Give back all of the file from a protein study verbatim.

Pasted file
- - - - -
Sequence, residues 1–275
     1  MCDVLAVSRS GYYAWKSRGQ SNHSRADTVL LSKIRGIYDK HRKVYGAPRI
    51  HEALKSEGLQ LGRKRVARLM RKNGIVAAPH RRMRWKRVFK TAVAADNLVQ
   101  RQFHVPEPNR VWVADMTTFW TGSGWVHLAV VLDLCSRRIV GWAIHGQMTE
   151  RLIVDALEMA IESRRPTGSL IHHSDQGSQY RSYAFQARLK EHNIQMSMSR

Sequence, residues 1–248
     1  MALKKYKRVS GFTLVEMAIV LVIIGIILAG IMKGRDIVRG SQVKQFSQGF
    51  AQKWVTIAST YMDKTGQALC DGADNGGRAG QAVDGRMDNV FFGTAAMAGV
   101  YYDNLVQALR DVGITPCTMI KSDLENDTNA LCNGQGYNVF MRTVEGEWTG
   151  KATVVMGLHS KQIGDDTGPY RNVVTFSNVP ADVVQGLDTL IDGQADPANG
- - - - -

Sequence, residues 1–275
     1  MCDVLAVSRS GYYAWKSRGQ SNHSRADTVL LSKIRGIYDK HRKVYGAPRI
    51  HEALKSEGLQ LGRKRVARLM RKNGIVAAPH RRMRWKRVFK TAVAADNLVQ
   101  RQFHVPEPNR VWVADMTTFW TGSGWVHLAV VLDLCSRRIV GWAIHGQMTE
   151  RLIVDALEMA IESRRPTGSL IHHSDQGSQY RSYAFQARLK EHNIQMSMSR

Sequence, residues 1–248
     1  MALKKYKRVS GFTLVEMAIV LVIIGIILAG IMKGRDIVRG SQVKQFSQGF
    51  AQKWVTIAST YMDKTGQALC DGADNGGRAG QAVDGRMDNV FFGTAAMAGV
   101  YYDNLVQALR DVGITPCTMI KSDLENDTNA LCNGQGYNVF MRTVEGEWTG
   151  KATVVMGLHS KQIGDDTGPY RNVVTFSNVP ADVVQGLDTL IDGQADPANG